Also due to the general crisis of printed press, the quasi totality of the critical writing moved to the free Internet. As a consequence, online theatre criticism is getting redefined in the light of the digital age and its role challenged in the context of the theatrical system. The interactions and contents on the Web are influenced and constrained by the structures of online publishing. At the same time, the strategies of sharing articles and comments online have to confront the presence of strong virtual communities, that act as a sum of individuals, able to interact directly with the critic and discuss his/her statements through a non regulated access to public social media platforms. This creates a sort of collective response to the voice raised by a single professional. These processes are only partly regulated by a coherent sum of human choices, and rather, primarily, by the inherent nature of the digital platforms. This paper aims at demonstrating how some of those methodologies and rhetorical principles that used to enforce a critic’s argument on contemporary theatre are rapidly being replaced by others deriving from digital systems and the mechanisms of online discourse, that strongly depend on the features of (often very specialized) virtual communities and the background of the individuals they gather together. As a case study, I present a theatre review which, using the “open letter” format, created controversial reactions in the readers and challenged the role of the critic as authoritative mediator, moving the focus of attention from critical analysis to a wider discussion about the current Italian theatrical system. This case study investigates the influence of virtual communities in how spectators and critics relate to contemporary performing arts.

Publishing, sharing, authoring critique in the light of human-computer interaction. Virtual communities and the critical dialogue of the social media.

Sergio Lo Gatto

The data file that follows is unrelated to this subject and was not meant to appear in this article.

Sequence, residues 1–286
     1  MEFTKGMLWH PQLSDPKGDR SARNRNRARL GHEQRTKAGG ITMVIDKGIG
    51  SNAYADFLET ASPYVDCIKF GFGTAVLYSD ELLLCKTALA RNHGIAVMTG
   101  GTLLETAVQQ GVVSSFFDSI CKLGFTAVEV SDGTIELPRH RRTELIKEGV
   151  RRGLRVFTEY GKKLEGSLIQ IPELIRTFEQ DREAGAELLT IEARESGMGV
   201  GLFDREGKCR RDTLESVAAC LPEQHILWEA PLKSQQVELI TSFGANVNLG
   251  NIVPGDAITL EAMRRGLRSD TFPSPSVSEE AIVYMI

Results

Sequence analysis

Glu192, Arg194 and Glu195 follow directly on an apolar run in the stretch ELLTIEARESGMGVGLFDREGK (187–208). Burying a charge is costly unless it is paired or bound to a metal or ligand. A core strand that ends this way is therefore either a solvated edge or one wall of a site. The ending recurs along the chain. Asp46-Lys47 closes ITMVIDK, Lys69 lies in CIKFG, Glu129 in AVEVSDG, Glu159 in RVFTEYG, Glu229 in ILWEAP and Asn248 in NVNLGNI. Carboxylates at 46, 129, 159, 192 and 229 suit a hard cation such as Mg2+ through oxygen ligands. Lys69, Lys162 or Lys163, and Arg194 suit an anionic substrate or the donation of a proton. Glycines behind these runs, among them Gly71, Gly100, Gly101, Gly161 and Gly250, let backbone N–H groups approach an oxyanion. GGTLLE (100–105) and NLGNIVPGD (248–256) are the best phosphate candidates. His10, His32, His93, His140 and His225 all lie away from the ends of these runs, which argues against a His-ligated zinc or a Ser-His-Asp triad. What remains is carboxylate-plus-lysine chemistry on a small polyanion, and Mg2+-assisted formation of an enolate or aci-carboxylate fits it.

2018

Abstract

Also due to the general crisis of printed press, the quasi totality of the critical writing moved to the free Internet. As a consequence, online theatre criticism is getting redefined in the light of the digital age and its role challenged in the context of the theatrical system. The interactions and contents on the Web are influenced and constrained by the structures of online publishing. At the same time, the strategies of sharing articles and comments online have to confront the presence of strong virtual communities, that act as a sum of individuals, able to interact directly with the critic and discuss his/her statements through a non regulated access to public social media platforms. This creates a sort of collective response to the voice raised by a single professional. These processes are only partly regulated by a coherent sum of human choices, and rather, primarily, by the inherent nature of the digital platforms. This paper aims at demonstrating how some of those methodologies and rhetorical principles that used to enforce a critic’s argument on contemporary theatre are rapidly being replaced by others deriving from digital systems and the mechanisms of online discourse, that strongly depend on the features of (often very specialized) virtual communities and the background of the individuals they gather together. As a case study, I present a theatre review which, using the “open letter” format, created controversial reactions in the readers and challenged the role of the critic as authoritative mediator, moving the focus of attention from critical analysis to a wider discussion about the current Italian theatrical system. This case study investigates the influence of virtual communities in how spectators and critics relate to contemporary performing arts.
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Utilizza questo identificativo per citare o creare un link a questo documento: http://hdl.handle.net/11573/1650988
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